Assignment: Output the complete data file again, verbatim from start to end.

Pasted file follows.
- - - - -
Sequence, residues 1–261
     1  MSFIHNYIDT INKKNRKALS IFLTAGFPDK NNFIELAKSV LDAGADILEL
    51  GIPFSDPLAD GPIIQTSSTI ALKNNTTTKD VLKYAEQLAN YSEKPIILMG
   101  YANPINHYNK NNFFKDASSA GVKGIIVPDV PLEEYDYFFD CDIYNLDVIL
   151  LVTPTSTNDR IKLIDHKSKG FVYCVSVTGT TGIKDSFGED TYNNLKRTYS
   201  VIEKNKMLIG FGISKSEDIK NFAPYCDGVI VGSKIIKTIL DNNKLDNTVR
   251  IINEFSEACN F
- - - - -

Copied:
Sequence, residues 1–261
     1  MSFIHNYIDT INKKNRKALS IFLTAGFPDK NNFIELAKSV LDAGADILEL
    51  GIPFSDPLAD GPIIQTSSTI ALKNNTTTKD VLKYAEQLAN YSEKPIILMG
   101  YANPINHYNK NNFFKDASSA GVKGIIVPDV PLEEYDYFFD CDIYNLDVIL
   151  LVTPTSTNDR IKLIDHKSKG FVYCVSVTGT TGIKDSFGED TYNNLKRTYS
   201  VIEKNKMLIG FGISKSEDIK NFAPYCDGVI VGSKIIKTIL DNNKLDNTVR
   251  IINEFSEACN F